- Jana Partners on Thursday disclosed a 9.1% a stake in Pinnacle Foods, according to a filing with the U.S. Securities and Exchange Commission.
- The hedge fund said the company's shares "are undervalued and represent an attractive investment opportunity." Jana wrote that it intends to engage in discussions with Pinnacle Foods' board "regarding value creation measures" that could include "a sale or other consolidation opportunities" because of the company's prominent position in frozen foods.
- Pinnacle Foods, which has long been rumored as an acquisition target, owns gardein, Birds Eye, Hungry-Man and Mrs. Paul's. “We are aware that JANA Partners has made a 13D filing regarding its investment in Pinnacle Foods," the company said in a statement provided to Food Dive. "Pinnacle’s board of directors and management team welcome stockholder input and are committed to continuing to create value for all stockholders.”
Jana Partners, the activist hedge fund that pushed for changes at Whole Foods before the grocer was sold to Amazon for $13.7 billion last year, has another food company in its cross hairs.
Pinnacle Foods has been previously discussed as ripe for a takeover. It was nearly purchased four years ago by Hillshire Brands, but Tyson Foods ended up buying Hillshire instead. Then last June, it was reported that Conagra Brands was looking to purchase the company.
If Jana ultimately does agitate for a sale, it would make sense for Conagra to be one of the interested buyers. Both companies are prominent players in the resurgent frozen food space, and Conagra could integrate Pinnacle's brands with its popular Banquet, Healthy Choice and Marie Callender's line of products. The new company would save money combining front-end operations, ingredient purchases and shipping expenses. It would also have more power to negotiate with retailers for space in the crowded frozen food section.
In a research note, Barclays said the frozen food space is "ripe" consolidation. In the case of Pinnacle, the firm said Jana is familiar with the business and has a "healthy relationship with management."
"We believe the timing is both opportunistic from a valuation perspective and reflective of the bull case on (Pinnacle Foods) in that there could well be multiple ways to win," Barclays said. "An activist posture could perhaps bring buyers back to the fore."
Jana said in its filings that virtually all options are on the table. If its past involvement with food companies is any indication, a sale or another meaningful transaction is all but certain. No other activist has shown a penchant for getting involved in the sector more than Jana Partners. It was instrumental in getting Conagra — also known for its Peter Pan peanut butter, Hebrew National hot dogs and Pam cooking spray — to spin off its Lamb Weston frozen potato company and sell its private label business to TreeHouse Foods for $2.7 billion in 2016.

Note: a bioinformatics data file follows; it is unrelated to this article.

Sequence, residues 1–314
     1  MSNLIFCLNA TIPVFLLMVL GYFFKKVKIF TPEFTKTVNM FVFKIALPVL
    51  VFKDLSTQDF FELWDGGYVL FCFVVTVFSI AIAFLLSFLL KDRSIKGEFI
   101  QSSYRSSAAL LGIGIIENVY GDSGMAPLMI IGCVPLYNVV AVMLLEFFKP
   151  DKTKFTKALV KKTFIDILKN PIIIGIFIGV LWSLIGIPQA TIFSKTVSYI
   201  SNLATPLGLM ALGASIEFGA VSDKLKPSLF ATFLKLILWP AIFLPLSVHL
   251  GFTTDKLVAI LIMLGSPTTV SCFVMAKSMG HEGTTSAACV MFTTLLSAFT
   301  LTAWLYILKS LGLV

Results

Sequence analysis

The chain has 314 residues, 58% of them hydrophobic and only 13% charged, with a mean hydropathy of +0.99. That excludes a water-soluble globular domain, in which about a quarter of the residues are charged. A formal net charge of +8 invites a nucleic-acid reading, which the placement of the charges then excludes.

A Jana representative told Food Dive last year that the hedge fund doesn't specifically single out businesses in the food space, but has seen opportunities recently where companies are undervalued and its involvement could help unlock value. It's not a surprise to most people who follow food that large companies such as Pinnacle are vulnerable to outside involvement.
While companies like Pinnacle have countless brands that are recognizable to the everyday shopper, they are increasingly finding consumers gravitating away from these products in favor of snacks and healthier, organic and better-for-you items. Efforts by CPG companies to increase their presence in these spaces through internal innovation or making deals of their own have, in many cases, failed to stop slides in revenue or stock prices — leaving them attractive for a takeover or the involvement of an activist.
Currently, Pinnacle is not the only food company feeling the heat from an outside investor. Hain Celestial agreed to an overhaul of its board — and reportedly has looked into putting itself up for sale — after Engaged Capital took a nearly 10% stake in the organic and natural products manufacturer last summer.
And last June, billionaire activist investor Daniel Loeb’s Third Point hedge fund took its largest-ever initial bet on a public company with a $3.5 billion position in Nestle, amounting to about 1.25% of the company's shares. The hedge fund has publicly outlined changes the maker of Lean Cuisine and Nescafe can make, including improving margins, innovating its core business and selling non-core assets. In recent months, Nestle has been purchasing or taking stakes in high-end coffee companies like Blue Bottle and Chameleon Cold-Brew while selling its U.S. confectionery business to Ferrero Group for $2.8 billion.
Even though it's too early to speculate on the fate of Pinnacle, the past involvement of activist investors in the food space has often resulted in meaningful changes — including sale of the targeted company. Jana has a history of getting results from companies with which it becomes involved, and there is likely little that Pinnacle can do now to withstand the influence of this activist investor.